News UpdatesPursuant To Filing Of PIL In Gauhati HC, Assam Govt Brings Out Policy To Rehabilitate People Who Lands Were Lost Due To Flood/ Erosion LIVELAW NEWS NETWORK24 March 2021 11:22 PMShare This – xThe Government of Assam, in response to a PIL filed before the Gauhati High Court seeking welfare schemes for people residing in flood/ erosion prone areas of the state, has come up with a comprehensive policy for rehabilitation of such families. The State has informed a Division Bench comprising of Chief Justice Sudhanshu Dulia and Justice Manas Ranjan Pathak that on January 6,…Your free access to Live Law has expiredTo read the article, get a premium account.Your Subscription Supports Independent JournalismSubscription starts from ₹ 599+GST (For 6 Months)View PlansPremium account gives you:Unlimited access to Live Law Archives, Weekly/Monthly Digest, Exclusive Notifications, Comments.Reading experience of Ad Free Version, Petition Copies, Judgement/Order Copies.Subscribe NowAlready a subscriber?LoginThe Government of Assam, in response to a PIL filed before the Gauhati High Court seeking welfare schemes for people residing in flood/ erosion prone areas of the state, has come up with a comprehensive policy for rehabilitation of such families. The State has informed a Division Bench comprising of Chief Justice Sudhanshu Dulia and Justice Manas Ranjan Pathak that on January 6, the Government had notified its decision to rehabilitate such persons or families who are affected by flood/ erosion. The development comes in a PIL highlighting various problems faced by the people of Assam, particularly, those inhabiting near the banks of mighty Brahmaputra which causes annual flood. The plea submitted that this frequent flooding and recurring soil erosion causes huge damage to the properties, throwing the lives of people in to disarray by rendering them homeless and depriving them of their livelihood. The Petitioners had sought implementation of the long pending Chief Minister’s Special Scheme for Rehabilitation of Erosion Affected Families in Assam, 2015. In response to the plea, the Assam Government submitted that the funds allotted in the earlier Scheme could not be utilised as there was no concrete provision in the earlier guidelines. It also filed an affidavit indicating the details of measures taken by it to give compensation to the persons whose lands have been taken away by the said natural calamities. The Government has also now come out with the policy titled— Rehabilitation Policy For Erosion Affected Families of Assam, 2020, to rehabilitate the population affected from 2014-15 onwards. Pursuant thereof, the Petitioner expressed satisfaction as to the provisions of the scheme. Accordingly, the PIL has been closed. Petitioners were represented by Advocate Debashree Saikia; State represented by Advocate R. Dhar Case Title: Hema Prava Devi & Anr. v. State of Assam & Ors. Click Here To Download Order Read OrderSubscribe to LiveLaw, enjoy Ad free version and other unlimited features, just INR 599 Click here to Subscribe. All payment options available.loading….Next Story
100 Muddy Miles of Tandem by Ryan Delaney and Kurt RosenbergerRYAN: There are plenty of stories about how riding a tandem has strengthened relationships, or how the encouragement of a cheerful stoker has pushed a flagging captain through a low point on a century, but even though my captain and I have been friends for years, we’re not here to talk about that.Six hours into the 2012 Shenandoah Mountain 100, I leaned the wrong way and our bike dropped over the edge of the trail coming to a skidding, muddy halt. Kurt, our captain, put a foot down and said “Let me try something”. In a minute, I found myself walking, in the rain, up an hour-long singletrack climb. Kurt pedaled our bike alone up the mountain and out of sight. I wouldn’t catch up to him till I found him waiting at the top, anxious to try and get down the other side without wrecking us. If I had been coherent, I would’ve asked how I got into this mess.In the summer of 2011, I was still scrambling to recover the fitness I lost in grad school. I was planning to just stay home and barbecue on Labor Day like a normal American.That all changed when Kurt called me up one evening in August to sell me on the idea of stoking his tandem for 100 off-road miles.Kurt laid it on thick, showering me with the hypothetical positives of racing a tandem in the dirt, “We can buy matching socks!” I was sold. After the three-martini haze of happy hour lifted, I remembered the other things he had said; “No, I’ve never ridden one either…how bad could it be?”The morning of the race, we took our first ride together: from our tent down to the start line. There were only two other teams in our category, and all six of us realized that all we’d have to do was finish to get on the podium…awesome! We took off, and it seemed like we had been riding together for years. Kurt is an incredible bike handler, and as a local, knew all the right lines. It surprised a lot of folks to be passed on downhill singletrack by a tandem and two dudes in matching pink lycra. After a heated late-race battle, we rolled into the finish with a comfortable lead, got into our podium shirts, had a little champagne, and promptly hung the tandem up till next Labor Day.In retrospect, not riding the thing for a year seems stupid, but we had gotten our first Shenandoah Mountain 100 win based purely on friendship and Kurt’s ridiculous downhill ability, so we weren’t worried—until we saw the wet forecast for race day. Still, flush with memories of victory, we suited up, and 364 days and 11 hours exactly after we hopped off the big machine, saddled up and rolled down to the start line. Then things got very real, very quick.KURT: Ryan’s recollection of how things unrolled during our two years of tandem racing, though mostly accurate, leaves me looking sadistic. Bike racing is about discovery. Anyone who’s raced hard knows it can take on spiritual qualities. Sadist? No, but maybe I get a little masochistic when faced with an elevated heart rate and a timing chip.Tandem racing is not like this. You aren’t going to find any catharsis when you can hear your buddy wheezing over your shoulder. There is no happy place that you can retreat to on that last climb of the day. Anyone who has raced an endurance event knows that beyond the physical stuff, keeping your mind and emotions in check is the real challenge. Tandem racing throws some social responsibility on top of all of that. “I’m okay…is Ryan okay?” “I’m thirsty, Ryan must be too”. “Ryan, I want to keep going, can we?”The broken record in my head spins faster than our shared wheels. For me, racing on a tandem became performance art. It’s about the spectacle, the hilarity and yes, the matching outfits. The idea was always that it’s supposed to be fun. 2011 was, so why wouldn’t 2012? Hurricane Isaac? Sure we’ll get muddy, but this is mountain biking!Seven miles in, we took the first hard turn of the day: lean bike, turn handlebar, bike goes straight, wheels wash out, riders touch ground. “I’m okay, are you okay? Back on the bike!” As the day went on, “let’s get back on” became “let’s push for a little”.Ryan and I had some highs during our long ride, and plenty of lows. At times, the highs and lows aligned nicely and we commiserated or celebrated together. At times, our highs and lows were out of sync, which is when I usually kept my mouth shut.Fourteen hours later, with borrowed brakepads and lights, we crossed the line for the win. We were the only category winners still on course during the podium ceremonies, so we missed out on our moment of champagne-soaked glory. The fun we had last time was buried somewhere in the mud out past Aid Station 5. We slid off the bike, exhausted from fighting the bike, the weather, the course, and each other.While we washed the mud off at the hand pump near our campsite, we dissolved into laughter. In the midst of these long races, you can get obsessed with finding a reason you’re putting yourself through the ringer, but really all you need from it is a story to tell, and the satisfaction of pushing yourself to your limits. You can bet we’ll be talking about this ride for years with grins on our faces…but you won’t catch us dead on a tandem next year, either. •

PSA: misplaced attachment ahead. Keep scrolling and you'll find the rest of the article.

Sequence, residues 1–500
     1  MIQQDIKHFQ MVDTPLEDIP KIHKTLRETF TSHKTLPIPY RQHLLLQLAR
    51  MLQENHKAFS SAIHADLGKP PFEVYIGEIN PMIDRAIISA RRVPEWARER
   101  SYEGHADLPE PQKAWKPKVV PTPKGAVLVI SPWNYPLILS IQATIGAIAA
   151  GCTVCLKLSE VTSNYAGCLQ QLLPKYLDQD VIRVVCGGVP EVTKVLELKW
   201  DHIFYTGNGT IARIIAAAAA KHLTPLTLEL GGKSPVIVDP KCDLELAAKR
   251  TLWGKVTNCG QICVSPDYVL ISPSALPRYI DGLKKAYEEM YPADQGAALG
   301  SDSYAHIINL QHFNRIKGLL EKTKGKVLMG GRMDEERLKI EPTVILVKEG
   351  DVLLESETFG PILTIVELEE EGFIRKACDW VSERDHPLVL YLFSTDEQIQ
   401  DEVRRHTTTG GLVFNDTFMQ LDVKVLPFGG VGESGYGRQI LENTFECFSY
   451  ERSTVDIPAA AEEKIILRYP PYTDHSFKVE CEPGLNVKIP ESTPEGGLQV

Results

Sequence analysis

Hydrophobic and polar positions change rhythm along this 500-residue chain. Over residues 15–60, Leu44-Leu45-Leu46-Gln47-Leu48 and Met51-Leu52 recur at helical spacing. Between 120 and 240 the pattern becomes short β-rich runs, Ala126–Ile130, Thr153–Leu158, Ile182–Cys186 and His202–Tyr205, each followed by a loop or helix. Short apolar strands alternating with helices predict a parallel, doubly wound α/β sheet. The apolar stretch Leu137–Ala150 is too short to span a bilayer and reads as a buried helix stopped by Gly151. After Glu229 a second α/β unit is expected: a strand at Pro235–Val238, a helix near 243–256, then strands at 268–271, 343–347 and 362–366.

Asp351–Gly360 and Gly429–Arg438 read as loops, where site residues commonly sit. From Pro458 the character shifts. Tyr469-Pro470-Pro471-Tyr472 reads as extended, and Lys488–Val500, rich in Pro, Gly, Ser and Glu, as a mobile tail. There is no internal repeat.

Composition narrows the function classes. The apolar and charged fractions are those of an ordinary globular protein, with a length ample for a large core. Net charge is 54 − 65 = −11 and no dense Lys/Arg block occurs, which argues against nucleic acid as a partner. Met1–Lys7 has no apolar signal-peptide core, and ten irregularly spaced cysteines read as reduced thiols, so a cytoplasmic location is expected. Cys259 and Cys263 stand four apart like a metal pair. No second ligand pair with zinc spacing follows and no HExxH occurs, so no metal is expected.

INDIANAPOLIS — Three swimmers with the Down East Family YMCA Dolphins competed in the YMCA Long Course National Championships last week.Talor Hamilton, Cooper Holmes and Hannah Wood, accompanied by coach Matt Montgomery, swam against the top YMCA swimmers from around the nation.“This was the first time that DEFY had two swimmers score at a National Championship meet,” Montgomery said. “Despite having very little experience swimming in a Long Course pool (50 meters long), the trio had a great meet.”Hamilton, Holmes and Wood combined for 13 personal best times (out of 13 swims), 11 team records and two top 16 swims.This is placeholder textThis is placeholder textA Long Course pool is more than twice the length of the Ellsworth YMCA’s 25-yard pool.Local swimmers don’t get to train in Long Course pools because there are none in Maine.Montgomery said his swimmers travelled out of state a few times during the summer to get some experience.“Swimmers from Maine are at a disadvantage competing in Long Course meets,” Montgomery said. “We are the only state without one.”Hamilton competed in the 100-yard long course (LC) butterfly, the 100-yard LC backstroke, the 50-yard LC butterfly and the 50-yard LC freestyle. He placed 58th in the 100-yard butterfly with a time of 59.86; 36th in the 50-yard butterfly with a time of 27.22; 25th in the 100-yard backstroke with a time of 1:00.96; and 10th in the 50-yard freestyle with a time of 24.43.Hamilton also swam a time trial 100-yard LC freestyle in 54.61. All of Hamilton’s times set new team records.Holmes competed in the 50-yard LC breaststroke, the 100-yard LC breaststroke and the 200-yard LC individual medley. He placed 13th in the 50-yard breaststroke with a time of 31.14; 30th in the 100-yard LC breaststroke with a time of 1:09.21; and 64th in the 200-yard LC individual medley with a time of 2:20.32. Both of Hamilton’s breaststroke swims were new team records.Wood competed in the 50-, 100- and 200-yard LC backstrokes. She placed 98th in the 200-yard LC backstroke with a time of 2:33.56; 79th in the 100-yard LC backstroke with a time of 1:09.48; and 53rd in the 50-yard LC backstroke with a time of 32.67. All three of Wood’s swims also were new team records.